Ottolenghi: 'I took secret ham sandwiches to my Jerusalem school'

The celebrated chef also said he was shocked to discover the full English breakfast when moving to the UK


Yotam Ottolenghi has confessed to secretly taking ham sandwiches in his packed lunch to his Jerusalem school as a child.

Speaking to Ruthie’s Table podcast, The 54-year-old talked about growing up in Jerusalem and admitted he had ham sandwiches at school despite pork being forbidden.

He said: "I grew up in a non-traditional Jewish home, very secular. Food-wise, we had pork which was unheard of.

"My mum had that butcher in Jerusalem, the one and only one that sold pork but it was under the counter in a brown bag.

"She used to come and buy ham and we used to get ham sandwiches for school but we were not allowed to say what is in our sandwiches and we were not allowed to share it with friends.

"So the cover story was that it was Turkey but a very pink Turkey."

In the interview with Ruth Rogers, the American-born chef who owns and runs the acclaimed River Cafe in west London, the Israeli chef also expressed his horror at discivering the traditional full English fry-up breakfast when he first moved to the Uk.

He described the full English breakfast, which typically consists of bacon, fried egg, sausage, mushrooms, baked beans, toast, and grilled tomatoes as an 'abomination'.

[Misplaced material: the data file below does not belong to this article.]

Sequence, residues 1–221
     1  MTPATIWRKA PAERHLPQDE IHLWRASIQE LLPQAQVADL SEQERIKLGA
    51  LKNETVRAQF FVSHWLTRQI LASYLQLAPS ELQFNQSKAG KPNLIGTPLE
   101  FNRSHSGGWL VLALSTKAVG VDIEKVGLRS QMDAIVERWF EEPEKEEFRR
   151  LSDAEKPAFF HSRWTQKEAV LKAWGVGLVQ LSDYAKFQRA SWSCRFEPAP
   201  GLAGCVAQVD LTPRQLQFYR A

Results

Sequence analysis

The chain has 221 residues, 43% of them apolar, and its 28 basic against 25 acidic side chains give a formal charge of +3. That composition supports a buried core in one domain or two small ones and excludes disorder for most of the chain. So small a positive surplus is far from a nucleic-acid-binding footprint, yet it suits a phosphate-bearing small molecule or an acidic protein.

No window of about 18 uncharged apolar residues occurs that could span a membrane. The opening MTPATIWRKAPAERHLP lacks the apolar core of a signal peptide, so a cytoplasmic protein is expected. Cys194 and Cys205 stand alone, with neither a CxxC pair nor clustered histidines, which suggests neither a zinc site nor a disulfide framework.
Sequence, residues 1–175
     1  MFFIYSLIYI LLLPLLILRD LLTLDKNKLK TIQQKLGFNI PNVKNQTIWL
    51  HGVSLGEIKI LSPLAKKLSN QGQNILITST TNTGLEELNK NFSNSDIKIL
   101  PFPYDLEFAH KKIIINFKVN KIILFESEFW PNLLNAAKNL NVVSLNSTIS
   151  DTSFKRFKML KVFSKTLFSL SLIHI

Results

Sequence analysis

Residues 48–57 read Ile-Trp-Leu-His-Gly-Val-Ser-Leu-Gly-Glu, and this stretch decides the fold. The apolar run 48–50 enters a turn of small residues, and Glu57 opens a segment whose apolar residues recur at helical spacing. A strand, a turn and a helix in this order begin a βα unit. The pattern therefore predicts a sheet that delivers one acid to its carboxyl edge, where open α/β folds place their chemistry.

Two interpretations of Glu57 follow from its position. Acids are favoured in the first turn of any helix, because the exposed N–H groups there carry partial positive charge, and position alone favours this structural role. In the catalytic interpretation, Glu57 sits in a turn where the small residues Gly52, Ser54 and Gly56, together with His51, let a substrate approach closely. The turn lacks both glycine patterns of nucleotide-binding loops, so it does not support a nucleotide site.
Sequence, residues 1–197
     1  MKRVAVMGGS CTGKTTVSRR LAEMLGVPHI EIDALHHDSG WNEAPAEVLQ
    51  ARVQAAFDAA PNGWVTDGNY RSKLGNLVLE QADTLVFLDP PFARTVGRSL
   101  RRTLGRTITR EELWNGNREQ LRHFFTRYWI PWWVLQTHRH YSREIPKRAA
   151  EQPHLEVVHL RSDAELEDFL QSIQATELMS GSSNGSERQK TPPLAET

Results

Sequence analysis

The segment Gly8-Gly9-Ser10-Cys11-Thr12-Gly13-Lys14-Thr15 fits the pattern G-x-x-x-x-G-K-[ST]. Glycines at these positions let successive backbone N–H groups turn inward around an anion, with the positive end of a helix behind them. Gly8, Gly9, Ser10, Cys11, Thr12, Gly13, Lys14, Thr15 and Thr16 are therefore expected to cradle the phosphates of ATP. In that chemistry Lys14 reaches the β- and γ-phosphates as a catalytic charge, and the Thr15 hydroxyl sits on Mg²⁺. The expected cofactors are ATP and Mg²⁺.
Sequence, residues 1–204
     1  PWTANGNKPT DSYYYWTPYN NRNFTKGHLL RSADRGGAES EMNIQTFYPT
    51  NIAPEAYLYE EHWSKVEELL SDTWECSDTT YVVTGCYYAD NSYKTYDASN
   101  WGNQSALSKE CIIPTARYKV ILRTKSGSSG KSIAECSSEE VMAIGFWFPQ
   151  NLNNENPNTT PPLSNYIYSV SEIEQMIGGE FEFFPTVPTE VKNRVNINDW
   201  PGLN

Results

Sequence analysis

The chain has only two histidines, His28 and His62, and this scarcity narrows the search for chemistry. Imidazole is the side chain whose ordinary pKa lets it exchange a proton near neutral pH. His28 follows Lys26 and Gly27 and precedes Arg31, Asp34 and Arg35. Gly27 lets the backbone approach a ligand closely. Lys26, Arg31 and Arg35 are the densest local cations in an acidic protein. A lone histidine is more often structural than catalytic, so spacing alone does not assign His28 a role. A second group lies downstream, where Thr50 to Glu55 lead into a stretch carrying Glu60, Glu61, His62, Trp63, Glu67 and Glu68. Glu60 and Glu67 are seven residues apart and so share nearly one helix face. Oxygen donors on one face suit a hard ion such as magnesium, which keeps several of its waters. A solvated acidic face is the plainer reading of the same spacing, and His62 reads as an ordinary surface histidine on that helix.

The 54-year-old said he was shocked when he saw the dish for the first time, but eventually came to like it.

He said: "When I came here, and I saw that grilled tomato and sausage and beans, I thought 'what an abomination'. I do like it though."

He added: “The most important meal of the day in our house was breakfast.

"We had this spread of food. Mostly on the weekend, but even before I went to school there were freshly sliced vegetables, feta-style cheese, fresh bread.

"This is what I do for my kids. When they go to school, I give them this massive breakfast, and Karl, my husband, says 'is that really breakfast?'

"They love it, it's delicious. Different cultures do breakfast differently.”

Speaking about what his Italian and German Jewish parents cooked at home, he went on to say: "I feel I grew up in this world where it was very European food at home.

"My father was cooking traditional Italian dishes and my mum was kind of an international cook but with a very dramatic approach to cooking.

"But when we went out, we used to eat Palestinian or Arabic food and that's the mix I grew up having."

It comes as the celebrated chef recently marked 20 years of working in London and is now the co-owner of a group of seven restaurants across the UK capital.

Ottolenghi is famous for its special menu which includes a fusion of Middle Eastern, Mediterranean and North African ingredients.

He is also author of several bestselling cookery books, including Ottolenghi: The Cookbook (2008), Plenty (2010), Jerusalem (2012) and Simple (2018).

Reflecting on his group of restaurants, the 54-year-old added: “It was never supposed to be just me. My name went above the door, but it was always about a group of people.”

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